SVPN is a vector of identical graphs which have processing functions at the nodes and which have messages floating along the edges. It is a distant relative of Coloured Petri Nets in that it reveals the synchronisation structure of an asynchronous application and can be used for analysis of its behaviour. SVPN can naturally support irregular applications, such as Particles-in-Cells simulations of plasma and molecular dynamics, as message-driven processes, without the programmer being aware of any subtle concurrency issues. Our main contribution to knowledge is a demonstration that the mapping of SVPN to the coordination language S-Net is nearly mechanical, which makes it possible, at least in principle, to write asynchronous, irregular applications directly in S-Net and utilise its advanced support for software engineering.

Oblivious Algorithms for Multicores and Network of Processors

Francesco Silvestri
University of Padova

We address the design of algorithms for multicores that are oblivious to machine parameters. We propose HM, a multicore model consisting of a parallel shared-memory machine with hierarchical multi-level caching, and we introduce a multicore-oblivious (MO) approach to algorithms and schedulers for HM. An MO algorithm is specified with no mention of any machine parameters, such as the number of cores, number of cache levels, cache sizes and block lengths. However, it is equipped with a small set of instructions that can be used to provide hints to the run-time scheduler on how to schedule parallel tasks. We present efficient MO algorithms for several fundamental problems including matrix transposition, FFT, sorting, the Gaussian Elimination Paradigm, list ranking, and connected components. The notion of an MO algorithm is complementary to that of a network-oblivious (NO) algorithm, recently introduced by Bilardi et al. for parallel distributed-memory machines where processors communicate point-to-point. We show that several of our MO algorithms translate into efficient NO algorithms, adding to the body of known efficient NO algorithms.

The HPX Runtime System for Exascale Computing

Thomas Sterling
Louisiana State University

While projected performance based on Moore's Law suggests Exaflops scale before the end of this decade, more detailed analysis exposes a number of factors that may obstruct this achievement. The limitations of power consumption have resulted in flatlining of core clock rate and the exhaustion of core complexity has similarly flatlined ILP and the concomitant ipc. Future performance growth will be achieved only through dramatic increases in number of cores (multicore) and heavy multithreading (e.g., GPU). Efficiency and scalability must be significantly enhanced in order to effectively employ future systems comprising hundreds of millions of cores and tens of billions of threads. HPX is an experimental runtime system that serves as a reference implementation for the ParalleX execution model (presented last year). HPX permits dynamic adaptive resource management and task scheduling in a global address space context using message driven multithreaded computation with lightweight synchronization. It allows work to be moved to the data when more efficient than always moving data to the work both reducing and hiding system-wide latency effects. It also enables migration of continuations for distributed control flow which in turn supports data directed execution. This exploits intrinsic parallelism of meta-data such as in large directed graph data structures. HPX has been employed on conventional platforms for such application classes as Adaptive Mesh Refinement (AMR) for numerical relativity applications and for symbolic computations such as game playing (e.g., Chess). HPX is being employed to investigate the limitations of conventional architecture scalability and to guide development of future generation Exascale computer architectures.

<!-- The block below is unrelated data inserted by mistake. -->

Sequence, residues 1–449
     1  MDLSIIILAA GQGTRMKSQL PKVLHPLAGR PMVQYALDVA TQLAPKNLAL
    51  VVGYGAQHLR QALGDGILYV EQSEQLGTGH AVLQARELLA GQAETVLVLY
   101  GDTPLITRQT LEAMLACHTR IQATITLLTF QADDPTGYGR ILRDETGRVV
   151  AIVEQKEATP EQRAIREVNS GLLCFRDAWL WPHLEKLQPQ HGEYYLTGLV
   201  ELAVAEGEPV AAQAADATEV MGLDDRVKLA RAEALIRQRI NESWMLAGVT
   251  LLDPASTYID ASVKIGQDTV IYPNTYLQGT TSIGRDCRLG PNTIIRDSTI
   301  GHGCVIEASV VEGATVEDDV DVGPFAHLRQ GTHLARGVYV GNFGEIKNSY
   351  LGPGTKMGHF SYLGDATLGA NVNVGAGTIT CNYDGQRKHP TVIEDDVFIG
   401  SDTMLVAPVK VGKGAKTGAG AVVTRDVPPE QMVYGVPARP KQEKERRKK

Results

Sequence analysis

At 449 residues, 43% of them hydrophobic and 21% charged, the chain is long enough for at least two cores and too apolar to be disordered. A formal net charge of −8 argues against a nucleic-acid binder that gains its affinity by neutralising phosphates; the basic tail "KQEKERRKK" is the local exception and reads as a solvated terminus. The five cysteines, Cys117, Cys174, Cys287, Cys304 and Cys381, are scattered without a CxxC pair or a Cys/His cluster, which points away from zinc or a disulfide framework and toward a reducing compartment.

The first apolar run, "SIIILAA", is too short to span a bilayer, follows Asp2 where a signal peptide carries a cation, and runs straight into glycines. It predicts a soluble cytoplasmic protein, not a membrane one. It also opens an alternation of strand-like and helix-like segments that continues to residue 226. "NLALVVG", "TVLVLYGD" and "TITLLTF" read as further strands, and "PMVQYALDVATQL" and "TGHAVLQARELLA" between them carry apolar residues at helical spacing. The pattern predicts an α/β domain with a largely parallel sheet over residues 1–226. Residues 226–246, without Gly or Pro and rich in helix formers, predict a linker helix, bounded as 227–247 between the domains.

UpSizeR: Synthetically Scaling Up a Given Database State

Y.C. Tay
National University of Singapore

E-commerce and social networking services must ensure that their systems are scalable. Engineering for rapid growth requires intensive testing with scaled-up datasets. Although such a larger dataset is synthetically generated, it must be similar to a real dataset if it is to be useful. This talk presents UpSizeR, a tool for scaling up relational databases. Given a database state D and a positive number s, UpSizeR generates a synthetic state D' that is s times the size of D, yet similar to D in terms of query results. UpSizeR does this by extracting inter-column (e.g. key-induced) and inter-row (e.g. clustering) information from D. Experiments with Flickr data shows good agreement between crawled data and UpSizeR output for various sizes.

Performance Modeling and Optimization on the Example of Stencil Algorithms

Jan Treibig
University of Erlangen

Stencil algorithms are a central part of many scientific and engineering codes. This talk will present an analysis of architectural developments with regard to the demands of bandwidth limited loop kernels. On the example of the Jacobi and Gauss-Seidel methods a variant of temporal blocking is presented specifically designed to exploit the shared caches of modern multicore processors. In order to get an analytic performance estimate a diagnostic model is introduced allowing to predict the performance for streaming loop kernels in all memory hierarchy levels. Results for various modern multicore processors are presented.